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|Born||10 February 1934|
Papakura, New Zealand
|Spouse||Alistair Campbell (divorced)|
Barry Crump (divorced)
Life and career
Fleur Adcock was born in Papakura, the oldest of two sisters. She spent 1939 to 1947 in England. Her father was Cyril John Adcock and her sister is the novelist Marilyn Duckworth. Adcock studied Classics at Victoria University of Wellington, graduating with an MA. She worked as an assistant lecturer and later an assistant librarian at the University of Otago in Dunedin until 1962. She was married to two famous New Zealand literary personalities. In August 1952 she married Alistair Campbell (divorced 1958). Then in February 1962 she married Barry Crump, divorcing in 1963.
In 1963, Adcock returned to England and took up a post as an assistant librarian at the Foreign and Commonwealth Office in London until 1979. Since then she has been a freelance writer, living in East Finchley, north London. She has held several literary fellowships, including the Northern Arts Literary Fellowship in Newcastle upon Tyne and Durham in 1979–81.
Adcock's poetry is typically concerned with themes of place, human relationships and everyday activities, but frequently with a dark twist given to the mundane events she writes about. Formerly, her early work was influenced by her training as a classicist but her more recent work is looser in structure and more concerned with the world of the unconscious mind.
- 1964: The Eye of the Hurricane, Wellington: Reed
- 1967: Tigers, London: Oxford University Press
- 1971: High Tide in the Garden, London: Oxford University Press
- 1974: The Scenic Route, London and New York: Oxford University Press
- 1979: The Inner Harbour, Oxford and New York: Oxford University Press
- 1979: Below Loughrigg, Newcastle upon Tyne: Bloodaxe Books
- 1983: Selected Poems, Oxford and New York: Oxford University Press
- 1986: Hotspur: a ballad, Newcastle upon Tyne: Bloodaxe Books ISBN 978-1-85224-001-1
- 1986: The Incident Book, Oxford ; New York: Oxford University Press
- 1988: Meeting the Comet, Newcastle upon Tyne: Bloodaxe Books
- 1991: Time-zones, Oxford and New York: Oxford University Press
- 1997: Looking Back, Oxford and Auckland: Oxford University Press
- 2000: Poems 1960–2000, Newcastle upon Tyne: Bloodaxe Books ISBN 978-1-85224-530-6
- 2010: Dragon Talk, Newcastle upon Tyne: Bloodaxe Books  ISBN 978-1-85224-878-9
- 2013: Glass Wings, Tarset: Bloodaxe Books and Wellington, NZ: Victoria University Press.
- 2014: The Land Ballot, Wellington, NZ: Victoria University Press, Tarset: Bloodaxe Books.
- 2017: Hoard, Wellington, NZ: Victoria University Press, Hexham: Bloodaxe Books.
Edited or translated
- 1982: Editor, Oxford Book of Contemporary New Zealand Poetry, Auckland: Oxford University Press
- 1983: Translator, The Virgin and the Nightingale: Medieval Latin poems, Newcastle upon Tyne: Bloodaxe Books, ISBN 978-0-906427-55-2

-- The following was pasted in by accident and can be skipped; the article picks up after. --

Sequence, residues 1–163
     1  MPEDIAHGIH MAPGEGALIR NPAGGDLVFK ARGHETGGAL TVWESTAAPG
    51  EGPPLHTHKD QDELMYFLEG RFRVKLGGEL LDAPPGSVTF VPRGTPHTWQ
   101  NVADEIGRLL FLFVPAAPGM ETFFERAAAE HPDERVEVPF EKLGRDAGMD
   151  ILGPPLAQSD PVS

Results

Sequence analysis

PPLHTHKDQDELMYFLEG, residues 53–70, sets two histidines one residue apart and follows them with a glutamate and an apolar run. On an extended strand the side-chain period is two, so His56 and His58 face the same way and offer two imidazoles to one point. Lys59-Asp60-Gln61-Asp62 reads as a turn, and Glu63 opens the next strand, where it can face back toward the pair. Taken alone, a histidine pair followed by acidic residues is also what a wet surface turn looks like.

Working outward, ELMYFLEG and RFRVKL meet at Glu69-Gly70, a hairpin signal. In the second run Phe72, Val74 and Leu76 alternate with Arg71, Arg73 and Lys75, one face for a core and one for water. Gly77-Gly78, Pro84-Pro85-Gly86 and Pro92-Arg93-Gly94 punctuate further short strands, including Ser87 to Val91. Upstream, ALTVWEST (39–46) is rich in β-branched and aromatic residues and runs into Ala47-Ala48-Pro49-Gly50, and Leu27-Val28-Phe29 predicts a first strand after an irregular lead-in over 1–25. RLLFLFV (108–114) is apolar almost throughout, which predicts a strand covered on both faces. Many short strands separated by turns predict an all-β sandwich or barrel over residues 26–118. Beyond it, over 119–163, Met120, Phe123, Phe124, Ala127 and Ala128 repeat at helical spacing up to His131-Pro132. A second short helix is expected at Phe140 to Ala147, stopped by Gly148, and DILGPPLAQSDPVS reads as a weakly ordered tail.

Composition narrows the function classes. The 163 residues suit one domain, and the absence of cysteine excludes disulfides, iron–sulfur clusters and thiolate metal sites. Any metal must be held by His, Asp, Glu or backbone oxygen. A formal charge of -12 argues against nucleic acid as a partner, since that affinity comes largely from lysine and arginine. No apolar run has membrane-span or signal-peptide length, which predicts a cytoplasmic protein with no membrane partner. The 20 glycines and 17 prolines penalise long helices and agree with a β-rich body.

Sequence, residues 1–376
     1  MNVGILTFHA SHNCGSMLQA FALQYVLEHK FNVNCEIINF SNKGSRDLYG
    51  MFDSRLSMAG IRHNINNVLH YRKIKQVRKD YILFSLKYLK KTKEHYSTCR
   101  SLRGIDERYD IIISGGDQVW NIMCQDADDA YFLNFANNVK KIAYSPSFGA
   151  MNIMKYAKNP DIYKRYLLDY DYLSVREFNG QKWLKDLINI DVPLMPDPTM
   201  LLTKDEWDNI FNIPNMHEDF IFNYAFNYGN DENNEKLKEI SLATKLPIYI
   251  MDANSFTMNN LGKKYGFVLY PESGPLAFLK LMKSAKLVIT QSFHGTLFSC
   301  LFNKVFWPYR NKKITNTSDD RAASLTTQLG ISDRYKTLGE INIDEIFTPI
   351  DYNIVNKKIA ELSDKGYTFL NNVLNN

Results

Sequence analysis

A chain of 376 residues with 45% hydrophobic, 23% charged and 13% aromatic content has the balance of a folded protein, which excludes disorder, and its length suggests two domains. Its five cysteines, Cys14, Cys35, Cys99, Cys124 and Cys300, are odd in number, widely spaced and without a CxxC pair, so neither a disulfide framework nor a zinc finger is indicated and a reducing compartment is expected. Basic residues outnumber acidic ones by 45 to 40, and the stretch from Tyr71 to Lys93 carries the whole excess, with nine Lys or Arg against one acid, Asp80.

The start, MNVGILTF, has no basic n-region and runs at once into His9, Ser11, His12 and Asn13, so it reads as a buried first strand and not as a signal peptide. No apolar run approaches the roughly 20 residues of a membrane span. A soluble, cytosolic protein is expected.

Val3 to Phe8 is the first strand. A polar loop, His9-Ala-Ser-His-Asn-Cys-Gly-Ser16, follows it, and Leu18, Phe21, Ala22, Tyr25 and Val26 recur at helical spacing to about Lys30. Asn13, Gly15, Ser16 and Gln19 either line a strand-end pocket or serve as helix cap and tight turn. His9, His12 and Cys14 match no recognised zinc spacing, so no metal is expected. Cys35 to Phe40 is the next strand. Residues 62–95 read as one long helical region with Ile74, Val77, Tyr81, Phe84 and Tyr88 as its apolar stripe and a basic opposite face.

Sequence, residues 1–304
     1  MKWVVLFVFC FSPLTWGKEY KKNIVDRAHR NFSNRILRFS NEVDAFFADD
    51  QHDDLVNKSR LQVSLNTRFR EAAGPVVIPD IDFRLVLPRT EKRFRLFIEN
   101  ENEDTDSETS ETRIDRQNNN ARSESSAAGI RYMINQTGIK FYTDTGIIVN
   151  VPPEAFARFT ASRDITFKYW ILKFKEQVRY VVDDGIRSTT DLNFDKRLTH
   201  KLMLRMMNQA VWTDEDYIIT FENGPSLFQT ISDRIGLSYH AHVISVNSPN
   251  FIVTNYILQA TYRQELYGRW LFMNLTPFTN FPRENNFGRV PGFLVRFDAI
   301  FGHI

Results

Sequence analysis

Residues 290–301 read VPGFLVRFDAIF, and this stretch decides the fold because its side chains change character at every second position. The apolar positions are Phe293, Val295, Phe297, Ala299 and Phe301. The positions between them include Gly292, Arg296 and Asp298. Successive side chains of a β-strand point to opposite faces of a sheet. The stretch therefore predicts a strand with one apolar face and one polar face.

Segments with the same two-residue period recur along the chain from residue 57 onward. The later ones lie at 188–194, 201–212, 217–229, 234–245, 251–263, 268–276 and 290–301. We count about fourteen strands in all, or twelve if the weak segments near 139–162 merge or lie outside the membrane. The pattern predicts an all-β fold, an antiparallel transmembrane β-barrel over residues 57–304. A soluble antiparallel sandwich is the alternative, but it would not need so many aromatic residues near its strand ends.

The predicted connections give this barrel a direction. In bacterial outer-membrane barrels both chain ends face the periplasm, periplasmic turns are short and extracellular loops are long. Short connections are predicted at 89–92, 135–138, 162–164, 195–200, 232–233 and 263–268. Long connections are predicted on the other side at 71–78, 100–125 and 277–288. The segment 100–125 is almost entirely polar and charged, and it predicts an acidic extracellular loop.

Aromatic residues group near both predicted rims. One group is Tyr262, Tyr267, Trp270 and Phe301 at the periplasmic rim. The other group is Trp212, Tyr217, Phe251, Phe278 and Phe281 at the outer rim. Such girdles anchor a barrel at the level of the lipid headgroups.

- 1987: Editor, Faber Book of 20th Century Women's Poetry, London and Boston: Faber and Faber
- 1989: Translator, Orient Express: Poems. Grete Tartler, Oxford and New York: Oxford University Press
- 1992: Translator, Letters from Darkness: Poems, Daniela Crasnaru, Oxford: Oxford University Press
- 1994: Translator and editor, Hugh Primas and the Archpoet, Cambridge, England, and New York: Cambridge University Press
- 1995: Editor (with Jacqueline Simms), The Oxford Book of Creatures, verse and prose anthology, Oxford: Oxford University Press
Awards and honours
- 1961: Festival of Wellington Poetry Award
- 1964: New Zealand State Literary Fund Award
- 1968: Buckland Award (New Zealand)
- 1968: Jessie Mackay Prize (New Zealand)
- 1972: Jessie Mackay Prize (New Zealand)
- 1976: Cholmondeley Award (United Kingdom)
- 1979: Buckland Award (New Zealand)
- 1984: New Zealand National Book Award
- 1984: Elected Fellow of the Royal Society of Literature
- 1988: Arts Council Writers' Award (United Kingdom)
- 1996: Officer of the Order of the British Empire for her contribution to New Zealand literature
- 2006: Queen's Gold Medal for Poetry (United Kingdom)
- 2008: Companion of the New Zealand Order of Merit, for services to literature.
- Brown, Susan, Patricia Clements, and Isobel Grundy, eds. Results of Chronologies query on Adcock, Fleur within tag Name within all event types, with most comprehensive selectivity, for 0612--BC to 2018-11-28AD, long form results within Orlando: Women's Writing in the British Isles from the Beginnings to the Present. Cambridge: Cambridge University Press Online, 2006. http://orlando.cambridge.org/. 28 November 2018.
- Web page titled "Fleur Adcock" Archived 9 October 2009 at the Wayback Machine at the "British Council / Contemporary Writers in the UK website, accessed 26 April 2008
- Fleur Adcock – Poetry Archive Biog
- Adcock Biog Emory University
- "Fleur Adcock" Archived 21 December 2006 at the Wayback Machine at the University of Auckland Library website, accessed 26 April 2008
- at The Poetry Library website, accessed 10 December, 2016
- at The Poetry Library website, accessed 10 December, 2016
- at The Poetry Library website, accessed 16 January, 2018
- "Current RSL Fellows". Royal Society of Literature. Retrieved 10 August 2016.
- "Queen's Birthday Honours 2008". Department of the Prime Minister and Cabinet. 2 June 2008. Archived from the original on 12 June 2008. Retrieved 2 June 2008.
- Profile and analysis, Emory University
- "Sonnets – Fleur Adcock". BBC Radio 4 archive. (Audio 5 mins) Friday 30 May 2003
- Adcock discussing her Selected Poems with Andrew Motion. British Library recording. 14 July 1983 (1 hr, audio)
- Poetry Archive profile with poems written and audio
- Portrait at the National Portrait Gallery
- Review by Herbert Lomas of Poems 1960–2000 by Adcock in Ambit No 161 – 2000
- Interview with Adcock "Final touch" The Guardian 29 July 2000
- Guardian book review of Dragon Talk 15 May 2010
- Archival material at Leeds University Library